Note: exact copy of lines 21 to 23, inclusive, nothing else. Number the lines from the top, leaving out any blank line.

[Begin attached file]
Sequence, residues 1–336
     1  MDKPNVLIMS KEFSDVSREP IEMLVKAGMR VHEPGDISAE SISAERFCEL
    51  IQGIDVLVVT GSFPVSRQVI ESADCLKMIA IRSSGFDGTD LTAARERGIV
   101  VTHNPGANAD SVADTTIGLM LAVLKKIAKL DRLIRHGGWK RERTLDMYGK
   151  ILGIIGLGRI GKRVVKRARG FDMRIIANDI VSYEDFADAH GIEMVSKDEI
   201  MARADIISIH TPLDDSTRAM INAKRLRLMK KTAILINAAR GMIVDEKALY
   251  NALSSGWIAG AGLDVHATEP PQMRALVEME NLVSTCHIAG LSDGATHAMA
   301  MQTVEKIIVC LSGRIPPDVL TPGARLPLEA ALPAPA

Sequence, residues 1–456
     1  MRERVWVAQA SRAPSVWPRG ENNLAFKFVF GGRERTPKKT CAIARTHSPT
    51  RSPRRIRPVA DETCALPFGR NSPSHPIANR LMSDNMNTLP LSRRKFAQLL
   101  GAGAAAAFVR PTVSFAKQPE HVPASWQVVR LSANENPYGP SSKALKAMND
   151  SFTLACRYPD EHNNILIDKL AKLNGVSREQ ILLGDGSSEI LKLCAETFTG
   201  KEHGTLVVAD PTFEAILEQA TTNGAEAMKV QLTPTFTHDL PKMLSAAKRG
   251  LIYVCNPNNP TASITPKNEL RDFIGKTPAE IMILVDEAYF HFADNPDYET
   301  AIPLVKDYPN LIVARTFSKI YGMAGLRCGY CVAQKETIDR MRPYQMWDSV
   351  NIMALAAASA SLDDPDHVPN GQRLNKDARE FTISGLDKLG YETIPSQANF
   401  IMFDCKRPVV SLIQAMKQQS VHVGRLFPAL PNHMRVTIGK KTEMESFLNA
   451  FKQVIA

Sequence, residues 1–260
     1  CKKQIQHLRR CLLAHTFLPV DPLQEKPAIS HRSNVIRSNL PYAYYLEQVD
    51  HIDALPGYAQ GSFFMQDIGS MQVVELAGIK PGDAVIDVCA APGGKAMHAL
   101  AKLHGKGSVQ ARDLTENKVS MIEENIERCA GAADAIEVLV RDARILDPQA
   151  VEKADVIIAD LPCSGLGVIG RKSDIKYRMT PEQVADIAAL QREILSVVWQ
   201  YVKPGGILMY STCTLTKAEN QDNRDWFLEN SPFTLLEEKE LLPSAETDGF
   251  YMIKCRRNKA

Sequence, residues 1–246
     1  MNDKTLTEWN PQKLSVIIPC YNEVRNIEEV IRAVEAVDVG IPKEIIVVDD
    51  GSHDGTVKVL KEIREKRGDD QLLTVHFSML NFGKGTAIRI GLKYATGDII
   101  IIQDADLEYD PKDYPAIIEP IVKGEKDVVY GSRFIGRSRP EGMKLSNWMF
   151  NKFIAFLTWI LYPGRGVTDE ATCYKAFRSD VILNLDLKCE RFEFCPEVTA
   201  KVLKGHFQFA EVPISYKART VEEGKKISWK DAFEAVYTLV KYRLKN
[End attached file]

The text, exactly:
     1  CKKQIQHLRR CLLAHTFLPV DPLQEKPAIS HRSNVIRSNL PYAYYLEQVD
    51  HIDALPGYAQ GSFFMQDIGS MQVVELAGIK PGDAVIDVCA APGGKAMHAL
   101  AKLHGKGSVQ ARDLTENKVS MIEENIERCA GAADAIEVLV RDARILDPQA